The Rise (and Fall?) of the USD
19 Feb, 2021
 |
READ TIME 7 mins
Mike Young
Investment Analyst

Over time, there are three things which have held true – death, taxes and a change in the global reserve currency. 

By nature, all predecessors to the USD’s rule as the global reserve currency have fallen – brought down by a combination of declining geo-political influence, reduced economic power and a loss in confidence.

They have ranged from the Roman Denarius (250 B.C. – 200 A.D.), to more modern reserve currencies such as the Dutch Florin (1700’s), the United Kingdom’s Pound Sterling (early 1800’s – 1920’s) – all now succeeded by the United States Dollar (1920’s – present).

The post-World War I landscape, in which the USD entered as the de-facto global reserve currency, has changed dramatically and offers questions on how global monetary systems may operate in the future.

Today, I will take you through the history of the USD hegemony, an assessment of its health, and its potential successors.

Bretton Woods (1944-1971)

In 1944, the United States found itself as the largest custodian of gold – having accumulating reserves through seizure from its citizens during the Great Depression (to promote economic growth) and having received reserves as payment for weapons and supplies from countries entrenched in World War II.

These gold reserves, along with the USA’s position as the largest world economy eventuated in the establishment of the Bretton Woods system – where the USD would be backed by gold, and its allies would peg themselves to the USD (creating a gold peg by association).

This put the U.S in an unheralded position – acting as the sole monetary authority in a growing world economy.

However, the Bretton Woods system was flawed in its reliance on the U.S to maintain sufficient gold reserves to back the growing global economy.

As inflation began to rise due to rising demand, more and more of the USA’s trade partners asked to redeem USD for gold, reducing the value of the USD as the gold reserves which backed it dwindled.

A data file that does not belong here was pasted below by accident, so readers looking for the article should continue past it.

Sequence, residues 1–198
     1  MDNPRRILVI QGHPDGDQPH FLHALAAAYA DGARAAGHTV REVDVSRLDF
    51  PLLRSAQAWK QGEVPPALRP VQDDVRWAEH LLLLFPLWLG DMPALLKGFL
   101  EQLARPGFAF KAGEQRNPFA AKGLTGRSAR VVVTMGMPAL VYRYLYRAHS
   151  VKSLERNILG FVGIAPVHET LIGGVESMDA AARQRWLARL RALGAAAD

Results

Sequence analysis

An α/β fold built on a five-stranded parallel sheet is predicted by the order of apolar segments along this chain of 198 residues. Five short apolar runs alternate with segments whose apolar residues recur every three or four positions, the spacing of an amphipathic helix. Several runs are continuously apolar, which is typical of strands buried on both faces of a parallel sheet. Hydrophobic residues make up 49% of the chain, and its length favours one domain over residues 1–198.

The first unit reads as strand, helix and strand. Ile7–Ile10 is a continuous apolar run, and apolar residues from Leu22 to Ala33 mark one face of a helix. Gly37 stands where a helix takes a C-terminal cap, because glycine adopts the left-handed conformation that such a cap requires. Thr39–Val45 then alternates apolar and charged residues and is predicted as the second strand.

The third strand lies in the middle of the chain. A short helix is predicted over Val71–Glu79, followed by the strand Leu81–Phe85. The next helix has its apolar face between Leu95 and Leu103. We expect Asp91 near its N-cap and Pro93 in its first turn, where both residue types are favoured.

This led to the cessation of the gold standard by President Nixon in 1971, subsequently bringing the Bretton Woods system to an end.

Source: IMF, Federal Reserve, Guggenheim

Petrodollar (1971-present)

With the gold standard abolished, governments around the world moved towards fiat currencies – whose value is driven only by governments mandating their use as a primary legal tender.

Current fiat-based monetary systems are built around the petrodollar system – where Saudi Arabia and other OPEC countries sell their oil exclusively in US dollars in exchange for U.S protection and co-operation. Therefore, any country who wants to buy oil from Saudi Arabia will be forced to use USD, which they can acquire either through receiving payments for exports in USD or exchanging their currency for them.

This process results in many non-oil producing nations selling exports in USD terms, creating consistent global demand for dollars.

However, one’s status as a global reserve currency necessitates a consistent trade deficit.

Put simply, if you are the proprietor of the reserve currency, you will need to circulate cash to fund both your own economy, as well as the global economy.

As a result, you would need to have a net fund outflow (facilitated through having more imports than exports) – also referred to as a trade deficit, or current account deficit.

U.S Current Account Balance

Source: U.S Bureau of Economic Analysis

However, the presence of trade deficits also necessitates foreign debt, due to the need to achieve a “balance of payments”.

Again, put simply – if you have a net outflow of funds from trading goods and services, you need to bring balance to the equation by having a capital and financial account surplus – in the form of foreign investment. In the case of the USA, this involved the issuance of government treasury notes.

Source: Mason Stevens

Whilst there are many benefits of being in control of the global reserve currency, there are also severe implications – outlined by the Triffin Dilemma.

Triffin Dilemma

The Triffin Dilemma was proposed by Robert Triffin to the U.S congress in 1960, exposing a fundamental issue with the Bretton Woods system. He stated that if the U.S were to stop running trade deficits, subsequently reducing the supply of US dollars to the global economy – economic growth would contract severely as a result of an appreciating U.S dollar and the resulting increased costs of any USD denominated trade.

This happened in the 1980s, where the USD rose for these reasons in relation to the Japanese yen and Deutsche mark, catalysing the need for the “Plaza Accord”, a joint agreement between France, West Germany, Japan, the UK and USA to depreciate the USD.

However, if the U.S continued to run trade deficits, the USD could erode in value if the return made on debt fell below its servicing costs.

Whilst the USD has enjoyed a further 60 years as the global reserve currency since Triffin’s prediction, much of this can be attributed to rapid global economic expansion and deflationary forces of debt, demographics and declining costs of technology.

However, as other global economies become relatively stronger (namely China), countries have sought to untangle themselves from the USD driven monetary system.